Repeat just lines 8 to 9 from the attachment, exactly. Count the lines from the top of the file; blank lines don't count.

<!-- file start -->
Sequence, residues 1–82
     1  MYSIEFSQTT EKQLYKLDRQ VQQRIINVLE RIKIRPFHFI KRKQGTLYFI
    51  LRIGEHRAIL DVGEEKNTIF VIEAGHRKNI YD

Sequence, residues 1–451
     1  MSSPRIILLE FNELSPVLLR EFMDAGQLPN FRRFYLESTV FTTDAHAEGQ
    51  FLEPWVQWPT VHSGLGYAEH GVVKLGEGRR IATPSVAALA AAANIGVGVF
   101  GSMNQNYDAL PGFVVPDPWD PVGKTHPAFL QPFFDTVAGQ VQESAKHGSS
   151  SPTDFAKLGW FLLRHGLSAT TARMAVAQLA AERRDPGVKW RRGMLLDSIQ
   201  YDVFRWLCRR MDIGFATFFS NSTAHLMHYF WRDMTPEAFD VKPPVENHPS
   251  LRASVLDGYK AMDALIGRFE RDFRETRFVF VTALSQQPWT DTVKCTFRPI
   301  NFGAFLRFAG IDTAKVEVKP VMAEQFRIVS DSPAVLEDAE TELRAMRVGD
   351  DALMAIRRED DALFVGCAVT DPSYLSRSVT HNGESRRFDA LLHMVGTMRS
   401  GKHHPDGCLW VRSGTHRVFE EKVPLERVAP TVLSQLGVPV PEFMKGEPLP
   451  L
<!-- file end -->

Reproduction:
   151  SPTDFAKLGW FLLRHGLSAT TARMAVAQLA AERRDPGVKW RRGMLLDSIQ
   201  YDVFRWLCRR MDIGFATFFS NSTAHLMHYF WRDMTPEAFD VKPPVENHPS